Have your work be something you’re passionate about

I already know the your first question— how can you make school or work seem like something you’re passionate about when you aren’t? Answer? It’s all about finding the little things you enjoy. Let’s say you’re working on a large group project in your university class. Instead of immediately lamenting the fact you have to work with people for the next few weeks, take charge and offer to do something you actually enjoy. Whenever I’m placed in that kind of situation, I’ll suggest pulling my weight in terms of research and writing because I know those kind of tasks are my strengths and I’m passionate about them.

Luckily for Sub-Stances, our whole project is passion based! Although all four of us have full time jobs and work, we always make time to publish some kind of content — no matter how busy we get. But in the grand scheme of things, we’re quite lucky to have the time to do what we love.

Be honest about when someone isn’t pulling their weight

The ultimate group crisis — someone isn’t pulling their weight. It happens no matter where you’re based. And what sucks is it will almost inevitably happen at some point. Where many groups go wrong is that they let it devolve into passive aggressive behaviour and snippy texts. I’ll admit I’m guilty of this on more than one occasion. One of the reasons I feel like Sub-Stances is doing so well is that we’re all honest with each other. We admit when we feel like we aren’t doing enough and we talk openly about when we feel we need to rebalance the work scales.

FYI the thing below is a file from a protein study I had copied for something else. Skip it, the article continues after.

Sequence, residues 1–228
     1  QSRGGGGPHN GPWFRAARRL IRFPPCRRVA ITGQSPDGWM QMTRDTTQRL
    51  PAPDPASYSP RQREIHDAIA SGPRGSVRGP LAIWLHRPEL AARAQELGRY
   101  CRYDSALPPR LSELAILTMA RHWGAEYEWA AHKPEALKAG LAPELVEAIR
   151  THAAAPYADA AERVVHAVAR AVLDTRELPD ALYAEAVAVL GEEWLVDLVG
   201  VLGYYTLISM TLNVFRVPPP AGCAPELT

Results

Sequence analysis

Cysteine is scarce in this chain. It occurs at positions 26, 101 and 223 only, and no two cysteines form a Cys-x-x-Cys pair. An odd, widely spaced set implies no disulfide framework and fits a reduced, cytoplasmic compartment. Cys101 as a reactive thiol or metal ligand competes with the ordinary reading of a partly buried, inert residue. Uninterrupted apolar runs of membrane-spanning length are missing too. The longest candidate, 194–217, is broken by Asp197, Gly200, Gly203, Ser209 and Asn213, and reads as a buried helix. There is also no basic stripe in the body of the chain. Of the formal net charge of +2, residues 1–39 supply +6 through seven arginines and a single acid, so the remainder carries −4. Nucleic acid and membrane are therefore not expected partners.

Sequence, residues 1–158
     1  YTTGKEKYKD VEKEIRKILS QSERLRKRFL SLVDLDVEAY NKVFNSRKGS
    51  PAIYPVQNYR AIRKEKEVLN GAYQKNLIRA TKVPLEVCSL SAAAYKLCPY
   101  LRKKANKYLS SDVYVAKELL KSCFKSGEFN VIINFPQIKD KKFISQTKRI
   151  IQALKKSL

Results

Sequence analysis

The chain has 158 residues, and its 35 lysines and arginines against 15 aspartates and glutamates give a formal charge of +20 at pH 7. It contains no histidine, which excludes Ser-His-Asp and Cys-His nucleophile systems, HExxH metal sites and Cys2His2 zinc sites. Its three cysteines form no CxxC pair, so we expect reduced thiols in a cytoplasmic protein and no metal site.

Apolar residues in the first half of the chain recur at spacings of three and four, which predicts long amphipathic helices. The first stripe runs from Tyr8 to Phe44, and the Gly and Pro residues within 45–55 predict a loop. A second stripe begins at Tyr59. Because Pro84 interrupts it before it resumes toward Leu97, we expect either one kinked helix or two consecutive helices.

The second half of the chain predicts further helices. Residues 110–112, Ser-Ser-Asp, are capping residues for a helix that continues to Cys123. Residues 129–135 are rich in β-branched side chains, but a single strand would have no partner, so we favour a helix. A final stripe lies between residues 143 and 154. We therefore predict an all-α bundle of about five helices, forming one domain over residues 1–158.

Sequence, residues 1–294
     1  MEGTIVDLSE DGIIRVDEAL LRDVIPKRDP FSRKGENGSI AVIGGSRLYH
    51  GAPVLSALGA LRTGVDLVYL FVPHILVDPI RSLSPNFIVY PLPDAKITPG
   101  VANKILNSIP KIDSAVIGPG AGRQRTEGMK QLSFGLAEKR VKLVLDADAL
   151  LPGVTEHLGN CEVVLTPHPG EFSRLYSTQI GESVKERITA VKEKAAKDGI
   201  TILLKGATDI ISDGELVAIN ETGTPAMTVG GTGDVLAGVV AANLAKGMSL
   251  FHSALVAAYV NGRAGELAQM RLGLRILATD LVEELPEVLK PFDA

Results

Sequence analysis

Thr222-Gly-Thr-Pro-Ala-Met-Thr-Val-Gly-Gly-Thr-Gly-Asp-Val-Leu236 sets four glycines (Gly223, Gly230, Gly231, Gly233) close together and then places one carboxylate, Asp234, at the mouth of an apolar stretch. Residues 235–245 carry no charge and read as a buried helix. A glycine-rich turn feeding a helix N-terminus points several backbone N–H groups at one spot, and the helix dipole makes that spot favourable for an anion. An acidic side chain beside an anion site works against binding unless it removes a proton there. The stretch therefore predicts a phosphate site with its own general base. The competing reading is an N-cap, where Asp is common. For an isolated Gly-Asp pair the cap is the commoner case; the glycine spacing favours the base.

It isn’t always so easy to be honest with someone you don’t know well. But in the end, that honesty will get you everywhere. Passive aggressive texts can be misunderstood and shoddy communication tactics can go horribly off track.

Be supportive

The previous tip also leads into the last one. You never know why someone isn’t ‘pulling their weight.’ It could be because they’re lazy and aren’t contributing based out of their own spite. But… generally that’s not the case. Usually there is some other confounding factor that you don’t know about. Maybe they’re searching for a job or going through something personal that’s causing their quality of work to decline. Unless this teammate is someone you correspond with on an hourly basis, you don’t know what’s going on in their lives. Put yourself in their shoes for a moment. You don’t have to get up close and personal but just by asking if everything is okay, you can make a world of difference.

Being supportive of your group members, even if it’s just a small project, continues to be the best thing I’ve taken away from my positive group experience with Sub-Stances. We’re all excited for one another when we get a great opportunity or are going through a major life change. And that excitement bleeds into our actual work, making us want to continue to interact with one another. Because at some point, it isn’t work — it’s just being productive and creating something extraordinary with colleagues.